Mistakes were fixed, says Alan Joyce.

Mistakes were fixed, says Alan Joyce. Photo: Louise Kennerley

The aircraft engineers' union has alleged a litany of errors on Qantas aircraft sent for heavy maintenance in Asia over the years, including a Boeing 747 that did not have three of its four engines attached properly.

The extraordinary attack on maintenance practices in Asia, and against Qantas' decision to have work carried out there, was made during a Senate inquiry into the airline's future, two weeks after it confirmed it will axe 5000 jobs as part of a $2 billion cost-cutting program.

In a bid to stop the government from relaxing the Qantas Sale Act, Australian Licensed Aircraft Engineers Association federal secretary Steve Purvinas has used parliamentary privilege to release a dossier detailing multiple errors on Qantas planes following heavy maintenance in Singapore, Hong Kong and Kuala Lumpur.

His claims come after a week in which the spotlight has been thrown on the competency of aviation officials in Malaysia following the disappearance of a Malaysia Airlines passenger jet with 239 people on board.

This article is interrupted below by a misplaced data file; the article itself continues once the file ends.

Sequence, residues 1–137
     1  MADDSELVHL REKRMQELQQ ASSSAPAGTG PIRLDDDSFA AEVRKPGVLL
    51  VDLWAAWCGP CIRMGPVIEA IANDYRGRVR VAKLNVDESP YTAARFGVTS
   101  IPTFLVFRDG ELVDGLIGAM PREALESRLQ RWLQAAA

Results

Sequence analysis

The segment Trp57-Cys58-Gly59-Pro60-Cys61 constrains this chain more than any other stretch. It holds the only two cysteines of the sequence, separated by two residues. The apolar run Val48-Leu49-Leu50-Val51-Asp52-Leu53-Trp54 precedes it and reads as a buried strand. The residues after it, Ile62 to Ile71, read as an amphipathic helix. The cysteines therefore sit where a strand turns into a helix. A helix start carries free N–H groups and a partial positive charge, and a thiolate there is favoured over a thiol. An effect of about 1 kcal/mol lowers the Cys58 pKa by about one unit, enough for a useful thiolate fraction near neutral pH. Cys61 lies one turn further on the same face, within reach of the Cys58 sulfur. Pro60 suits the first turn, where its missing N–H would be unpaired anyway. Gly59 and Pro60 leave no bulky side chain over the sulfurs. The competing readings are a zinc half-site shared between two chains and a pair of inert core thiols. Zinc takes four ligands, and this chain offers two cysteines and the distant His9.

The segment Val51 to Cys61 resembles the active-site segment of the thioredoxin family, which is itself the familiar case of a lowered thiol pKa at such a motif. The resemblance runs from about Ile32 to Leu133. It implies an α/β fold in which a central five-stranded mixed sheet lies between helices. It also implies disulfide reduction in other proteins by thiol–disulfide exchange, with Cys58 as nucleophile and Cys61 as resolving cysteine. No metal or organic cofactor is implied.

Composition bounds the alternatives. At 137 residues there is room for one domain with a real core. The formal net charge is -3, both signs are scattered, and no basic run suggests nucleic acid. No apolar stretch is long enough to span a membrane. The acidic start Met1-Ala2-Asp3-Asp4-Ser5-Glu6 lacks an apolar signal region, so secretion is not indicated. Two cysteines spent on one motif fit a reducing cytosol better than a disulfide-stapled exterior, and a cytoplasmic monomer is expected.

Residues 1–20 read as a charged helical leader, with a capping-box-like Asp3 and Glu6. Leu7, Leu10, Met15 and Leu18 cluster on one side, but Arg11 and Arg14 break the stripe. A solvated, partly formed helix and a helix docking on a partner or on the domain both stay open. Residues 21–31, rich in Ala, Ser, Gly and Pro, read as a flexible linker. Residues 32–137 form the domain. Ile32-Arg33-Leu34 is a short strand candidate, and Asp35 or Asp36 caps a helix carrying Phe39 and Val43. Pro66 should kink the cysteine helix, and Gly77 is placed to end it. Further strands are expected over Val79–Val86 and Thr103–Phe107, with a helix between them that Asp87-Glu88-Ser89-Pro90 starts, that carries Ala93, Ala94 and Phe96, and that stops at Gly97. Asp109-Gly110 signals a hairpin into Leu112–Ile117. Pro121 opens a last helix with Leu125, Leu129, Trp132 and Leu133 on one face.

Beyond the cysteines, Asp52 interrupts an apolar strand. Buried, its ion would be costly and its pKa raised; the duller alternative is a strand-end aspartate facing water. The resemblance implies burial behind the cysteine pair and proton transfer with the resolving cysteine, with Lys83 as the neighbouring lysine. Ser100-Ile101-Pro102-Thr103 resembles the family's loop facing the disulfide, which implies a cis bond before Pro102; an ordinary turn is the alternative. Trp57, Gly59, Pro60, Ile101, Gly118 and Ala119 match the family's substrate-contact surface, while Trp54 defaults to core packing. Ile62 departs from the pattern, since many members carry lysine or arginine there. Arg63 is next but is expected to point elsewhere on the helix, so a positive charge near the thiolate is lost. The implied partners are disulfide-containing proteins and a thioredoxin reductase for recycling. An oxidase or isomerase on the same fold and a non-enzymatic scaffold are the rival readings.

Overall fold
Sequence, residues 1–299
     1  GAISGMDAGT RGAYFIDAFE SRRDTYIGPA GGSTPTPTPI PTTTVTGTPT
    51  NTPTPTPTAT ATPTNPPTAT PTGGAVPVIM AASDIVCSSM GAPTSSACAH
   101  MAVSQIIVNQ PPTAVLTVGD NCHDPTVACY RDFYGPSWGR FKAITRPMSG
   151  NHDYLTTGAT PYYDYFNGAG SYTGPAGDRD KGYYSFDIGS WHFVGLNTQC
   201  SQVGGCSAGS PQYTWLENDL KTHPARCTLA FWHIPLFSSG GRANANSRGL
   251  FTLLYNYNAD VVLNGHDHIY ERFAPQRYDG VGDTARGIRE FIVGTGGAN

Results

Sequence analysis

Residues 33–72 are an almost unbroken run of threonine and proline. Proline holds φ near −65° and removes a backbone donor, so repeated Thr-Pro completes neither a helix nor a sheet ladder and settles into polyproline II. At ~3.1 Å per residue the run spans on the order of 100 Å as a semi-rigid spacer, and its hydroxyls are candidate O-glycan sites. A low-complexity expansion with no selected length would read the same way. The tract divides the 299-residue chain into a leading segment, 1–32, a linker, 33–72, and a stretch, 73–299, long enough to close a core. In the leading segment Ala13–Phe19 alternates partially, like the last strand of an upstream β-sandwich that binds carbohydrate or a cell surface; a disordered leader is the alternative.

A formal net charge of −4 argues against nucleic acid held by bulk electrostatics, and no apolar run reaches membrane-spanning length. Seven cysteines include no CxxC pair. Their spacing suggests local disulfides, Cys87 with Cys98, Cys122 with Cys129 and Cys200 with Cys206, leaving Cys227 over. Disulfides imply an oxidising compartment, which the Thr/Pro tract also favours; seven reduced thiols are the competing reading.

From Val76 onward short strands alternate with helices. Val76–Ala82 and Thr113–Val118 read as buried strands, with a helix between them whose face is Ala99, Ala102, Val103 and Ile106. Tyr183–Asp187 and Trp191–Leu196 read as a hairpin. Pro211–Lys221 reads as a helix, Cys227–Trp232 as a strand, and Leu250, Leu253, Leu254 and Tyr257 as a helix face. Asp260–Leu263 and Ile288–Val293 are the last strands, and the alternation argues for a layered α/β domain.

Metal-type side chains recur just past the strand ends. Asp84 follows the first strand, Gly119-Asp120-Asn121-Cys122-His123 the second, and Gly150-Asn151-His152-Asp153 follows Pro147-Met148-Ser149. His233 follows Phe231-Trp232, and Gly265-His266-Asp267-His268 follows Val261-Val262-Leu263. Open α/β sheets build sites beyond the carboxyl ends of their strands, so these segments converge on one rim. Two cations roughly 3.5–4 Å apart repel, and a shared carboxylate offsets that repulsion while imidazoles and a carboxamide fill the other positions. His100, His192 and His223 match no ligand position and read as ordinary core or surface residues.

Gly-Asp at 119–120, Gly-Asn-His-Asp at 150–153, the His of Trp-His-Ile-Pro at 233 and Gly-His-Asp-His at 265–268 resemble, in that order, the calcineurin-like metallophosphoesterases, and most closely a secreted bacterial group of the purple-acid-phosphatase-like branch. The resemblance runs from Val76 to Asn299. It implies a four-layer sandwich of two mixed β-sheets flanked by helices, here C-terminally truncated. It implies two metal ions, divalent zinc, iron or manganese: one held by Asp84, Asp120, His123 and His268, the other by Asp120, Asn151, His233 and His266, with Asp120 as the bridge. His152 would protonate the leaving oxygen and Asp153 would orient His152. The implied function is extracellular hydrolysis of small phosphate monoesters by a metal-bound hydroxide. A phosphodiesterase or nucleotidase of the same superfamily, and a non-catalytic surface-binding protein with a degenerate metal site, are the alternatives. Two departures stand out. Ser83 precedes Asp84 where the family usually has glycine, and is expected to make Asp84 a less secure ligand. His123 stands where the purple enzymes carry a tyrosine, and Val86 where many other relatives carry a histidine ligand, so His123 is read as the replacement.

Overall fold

Mr Purvinas released a submission claiming no less than 600 defects on the first Qantas 737 to have work conducted on it in Singapore in late 2009. The alleged defects included corrosion on the wings, a cracked floor beam, damaged wiring, and numerous wiring clamps loose or damaged.

Mr Purvinas said the Australian travelling public was put at risk by Qantas management's decision to offshore more work - a claim rejected by the airline.

He has also alleged a Qantas 747 jumbo that had heavy maintenance in Hong Kong in 2008 was later found to have three of its four engines ''not held on properly''.

The union has also claimed that at least 95 errors were found on a Qantas 737 which in 2008 had heavy maintenance in Kuala Lumpur. They included ''extensive corrosion on the fuselage, doors and wings'', and rusty flight control cables.

But Qantas chief executive Alan Joyce told the Senate inquiry every Qantas plane that had maintenance performed on it was certified not only by local regulators but Australia's Civil Aviation Safety Authority. He said any mistakes were fixed when found, and the level of errors that occurred at offshore maintenance bases was no greater than those made here.

A spokeswoman for Transport Minister Warren Truss said the air-safety watchdog had been in discussions with Qantas to ensure any new arrangements did not impact on safety.

Meanwhile on Friday, John Holland Aviation Services revealed it would reduce maintenance operations, blaming current market conditions. The company did not say how many jobs were at risk, but the Australian Manufacturing Workers Union said 230 airline maintenance positions were set to go, including 150 jobs at Tullamarine.

With AAP